Banned from Canada for a year for war protest, By Ann Wright, retired US Army Colonel and former US diplomatOctober 30th, 2007
On the invitation six members of the Canadian Parliament to speak October 25 on
Canada’s Parliament Hill as a member of a panel called “Peacebuilders Without Borders: Challenging the Post-0/11 Canada-US Security Agenda,” I arrived at the Ottawa airport in the morning of October 25 to be met by three members of Parliament and to hold a press conference at the airport.
Medea Benjamin, co-founder of Codepink Women for Peace and Global Exchange, was also invited by the Parliamentarians, but had been arrested the previous day for holding up two fingers in the form of a peace sign during the US House of Representatives Committee on Foreign Affairs hearing in which Secretary of State Condoleezza Rice testified on Iraq, Iran and Israel-Palestinian issues. The October 24 committee hearing began with Codepink peace activist Desiree Fairooz holding up her red paint stained hands to Secretary of State Condoleezza Rice and shouting “The blood of millions of Iraqis is on your hands.” As Capitol Hill police took her out of the hearing of the House of Representatives’ Committee on Foreign Affairs, Fairooz yelled over her shoulder “war criminal, take her to the Hague.” Shortly thereafter Codepinkers Liz and Lori were arrested for just being in the room and brutally hauled out of the hearing by Capitol police. An hour later Medea and Zul were arrested for no reason. Four of the five had to stay overnight in the District of Columbia jail. Medea was one of those and missed the trip to Ottawa.
I presented to immigration officials our letter of invitation from the Parliamentarians that explained that Medea and I had been denied entry to Canada at the Niagara Falls border crossing on October 3, 2007 because we had been convicted in the United States of peaceful, non-violent protests against the war on Iraq, including sitting on the sidewalk in front of the White House with 400 others, speaking out against torture during Congressional hearings, and other misdemeanors. The Canadian government knew of these offenses as they now have access to the FBI’s National Crime Information database on which we are listed. The database that was created to identify members of violent gangs and terrorist organizations, foreign fugitives, patrol violators and sex offenders—not for peace activists peacefully protesting illegal actions of their government.
The immigration officer directed me to secondary screening where my request to call the members of Parliament waiting outside the customs doors was denied. My suggestion that the letter of invitation from the Parliamentarians might be valuable in accessing the need for me to be in Canada was dismissed with the comment that members of Parliament do not have a role in determining who enters Canada. I suggested that the laws enacted by the Parliament were the basis of that determination. I added that the reason I had been invited to Ottawa by Parliamentarian was to be an example of how current laws may exclude those whom Canadians may wish to allow to enter. I also mentioned that Parliament might decide to change the laws that immigration officials implement. I also suggested that since the Parliament provides the budget to the Immigration Services, they might notify the Parliamentarians awaiting my arrival that I had been detained. The officers declined to do so citing my privacy, which I immediately waived. The Parliamentarians were never notified by Immigration that I had arrived and was being detained. Only when my cell phone was returned to me by Immigration officers four hours later was I able to make contact with the Parliamentarians.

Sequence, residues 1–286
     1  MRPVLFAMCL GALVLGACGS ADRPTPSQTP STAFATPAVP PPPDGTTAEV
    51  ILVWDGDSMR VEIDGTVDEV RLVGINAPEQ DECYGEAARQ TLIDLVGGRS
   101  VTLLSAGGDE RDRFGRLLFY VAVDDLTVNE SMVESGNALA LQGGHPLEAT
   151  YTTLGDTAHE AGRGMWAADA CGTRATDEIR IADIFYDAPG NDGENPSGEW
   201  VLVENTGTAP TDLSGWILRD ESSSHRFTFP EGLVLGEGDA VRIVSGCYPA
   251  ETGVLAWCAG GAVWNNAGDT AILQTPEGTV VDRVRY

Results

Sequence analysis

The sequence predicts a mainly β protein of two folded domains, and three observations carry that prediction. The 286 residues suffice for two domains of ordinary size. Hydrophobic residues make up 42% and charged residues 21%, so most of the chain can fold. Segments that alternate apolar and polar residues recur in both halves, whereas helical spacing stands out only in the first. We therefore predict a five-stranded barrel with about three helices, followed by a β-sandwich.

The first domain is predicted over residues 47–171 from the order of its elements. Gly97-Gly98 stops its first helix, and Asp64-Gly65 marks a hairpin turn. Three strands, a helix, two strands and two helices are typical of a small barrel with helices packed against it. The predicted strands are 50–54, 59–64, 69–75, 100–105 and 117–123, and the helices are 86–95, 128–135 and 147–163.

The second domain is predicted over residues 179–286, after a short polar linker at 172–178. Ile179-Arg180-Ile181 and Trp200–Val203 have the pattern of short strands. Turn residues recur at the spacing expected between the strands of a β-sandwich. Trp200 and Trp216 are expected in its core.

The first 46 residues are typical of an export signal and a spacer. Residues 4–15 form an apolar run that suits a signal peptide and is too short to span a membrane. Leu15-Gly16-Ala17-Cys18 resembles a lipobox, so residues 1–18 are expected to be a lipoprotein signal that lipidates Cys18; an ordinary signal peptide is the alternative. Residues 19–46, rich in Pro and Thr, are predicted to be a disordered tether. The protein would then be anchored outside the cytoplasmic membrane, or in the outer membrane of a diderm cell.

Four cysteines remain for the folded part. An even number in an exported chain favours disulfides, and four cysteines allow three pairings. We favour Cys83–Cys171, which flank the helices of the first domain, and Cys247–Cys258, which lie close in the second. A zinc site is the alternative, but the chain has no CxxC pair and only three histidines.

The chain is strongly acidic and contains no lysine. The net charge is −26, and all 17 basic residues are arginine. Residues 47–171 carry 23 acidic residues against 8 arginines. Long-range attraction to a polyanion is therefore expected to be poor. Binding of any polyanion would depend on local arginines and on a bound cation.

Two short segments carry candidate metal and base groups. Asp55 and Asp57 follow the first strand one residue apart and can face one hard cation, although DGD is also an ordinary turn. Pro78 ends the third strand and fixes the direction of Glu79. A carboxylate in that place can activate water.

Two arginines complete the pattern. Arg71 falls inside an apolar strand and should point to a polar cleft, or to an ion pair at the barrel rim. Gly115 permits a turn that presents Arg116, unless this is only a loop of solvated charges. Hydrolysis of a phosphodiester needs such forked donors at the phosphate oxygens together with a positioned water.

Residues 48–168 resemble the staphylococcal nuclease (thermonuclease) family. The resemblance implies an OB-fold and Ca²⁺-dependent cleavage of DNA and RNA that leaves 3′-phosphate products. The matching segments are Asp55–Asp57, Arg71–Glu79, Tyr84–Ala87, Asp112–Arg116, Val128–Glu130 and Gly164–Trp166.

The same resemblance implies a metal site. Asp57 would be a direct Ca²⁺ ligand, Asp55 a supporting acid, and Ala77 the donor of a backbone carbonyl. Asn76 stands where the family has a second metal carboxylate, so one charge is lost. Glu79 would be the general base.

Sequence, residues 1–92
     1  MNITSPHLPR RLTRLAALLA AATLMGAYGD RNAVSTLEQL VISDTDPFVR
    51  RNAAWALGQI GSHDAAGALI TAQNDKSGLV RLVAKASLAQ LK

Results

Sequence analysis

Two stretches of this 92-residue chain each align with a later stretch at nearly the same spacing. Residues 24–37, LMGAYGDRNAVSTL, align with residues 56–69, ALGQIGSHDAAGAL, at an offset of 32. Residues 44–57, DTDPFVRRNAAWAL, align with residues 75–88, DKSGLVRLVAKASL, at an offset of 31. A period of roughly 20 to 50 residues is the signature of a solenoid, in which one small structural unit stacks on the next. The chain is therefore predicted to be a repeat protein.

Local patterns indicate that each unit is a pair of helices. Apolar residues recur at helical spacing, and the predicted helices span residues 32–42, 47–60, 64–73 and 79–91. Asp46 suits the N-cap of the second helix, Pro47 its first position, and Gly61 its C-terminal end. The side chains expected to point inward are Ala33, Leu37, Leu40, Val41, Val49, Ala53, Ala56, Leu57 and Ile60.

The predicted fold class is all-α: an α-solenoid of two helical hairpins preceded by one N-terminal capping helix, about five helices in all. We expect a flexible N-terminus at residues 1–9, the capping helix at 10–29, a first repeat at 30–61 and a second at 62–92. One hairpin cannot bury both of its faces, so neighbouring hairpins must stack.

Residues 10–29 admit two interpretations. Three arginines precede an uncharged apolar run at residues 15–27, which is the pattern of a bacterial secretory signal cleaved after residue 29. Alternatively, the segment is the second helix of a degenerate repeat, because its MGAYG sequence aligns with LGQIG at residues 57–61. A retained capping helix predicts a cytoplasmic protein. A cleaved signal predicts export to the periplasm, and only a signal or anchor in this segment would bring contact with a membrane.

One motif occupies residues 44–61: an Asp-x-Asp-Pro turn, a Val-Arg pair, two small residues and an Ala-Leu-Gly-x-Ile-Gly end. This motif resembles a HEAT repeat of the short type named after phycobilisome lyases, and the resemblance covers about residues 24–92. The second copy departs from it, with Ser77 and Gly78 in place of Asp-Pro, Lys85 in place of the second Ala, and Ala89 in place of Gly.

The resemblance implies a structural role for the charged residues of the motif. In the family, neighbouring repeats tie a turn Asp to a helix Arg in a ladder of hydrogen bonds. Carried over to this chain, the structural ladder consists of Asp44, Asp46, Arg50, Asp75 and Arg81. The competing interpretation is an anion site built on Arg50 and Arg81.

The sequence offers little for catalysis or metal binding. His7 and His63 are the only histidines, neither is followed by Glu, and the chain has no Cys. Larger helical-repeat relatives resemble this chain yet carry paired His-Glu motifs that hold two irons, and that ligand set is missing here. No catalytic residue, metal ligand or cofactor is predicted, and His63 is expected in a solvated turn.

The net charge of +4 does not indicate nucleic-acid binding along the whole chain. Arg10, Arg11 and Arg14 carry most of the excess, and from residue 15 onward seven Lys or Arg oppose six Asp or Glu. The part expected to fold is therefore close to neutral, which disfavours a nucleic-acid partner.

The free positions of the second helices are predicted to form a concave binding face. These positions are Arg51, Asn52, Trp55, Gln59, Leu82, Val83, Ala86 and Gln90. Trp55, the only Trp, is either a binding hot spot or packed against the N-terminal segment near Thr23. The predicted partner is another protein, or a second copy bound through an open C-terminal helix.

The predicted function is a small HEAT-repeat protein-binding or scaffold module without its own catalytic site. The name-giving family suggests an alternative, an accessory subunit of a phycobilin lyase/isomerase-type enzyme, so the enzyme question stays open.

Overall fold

After nearly four hours of interrogation, I was told by the senior immigration officer that I was banned from Canada for one year for failure to provide appropriate documents that would overcome the exclusion order I had been given in early October because of conviction of misdemeanors (all payable by fines) in the United States. The officer said that to apply for a Temporary Resident Permit (TRP) for entry for a specific event on a specific date, I must provide to a Canadian Embassy or consulate the arresting officer’s report, court transcripts and court documents for each of the convictions and an official document describing the termination of sentences, a police certificate issued within the last three months by the FBI, police certificates from places I have lived in the past ten years (that includes Sierra Leone, Micronesia, Afghanistan and Mongolia), a letter acknowledging my convictions from three respected members of the community (the respected members that I will ask to write a letter all been convicted of similar “offenses”) and a completed 18 page “criminal rehabilitation” packet.
Additionally, besides obtaining the Temporary Resident Permit, since I was being banned for a year from Canada, I would have to obtain a “Canadian Government Minister’s consent.” The officer said that the TRP and the Minister’s consent normally took from 8-10 months to obtain. In the distant future, to be able to enter Canada without a TRP, I would have to have to be “criminally rehabilitated" and be free for five years of conviction of any offense, including for peaceful protest.
The senior immigration officer took my fingerprints for Canadian records, escorted me to the airport departures area and placed me on the first plane departing for Washington, DC. In the meantime, the members of Parliament conducted the press conference and the panel without my presence but certainly using the example of what had happened to me and previously to Medea Benjamin as incidents that the Parliamentarians are very concerned about, specifically their government’s wholesale acceptance of information on the FBI’s database, information that appears to have been placed there for political intimidation.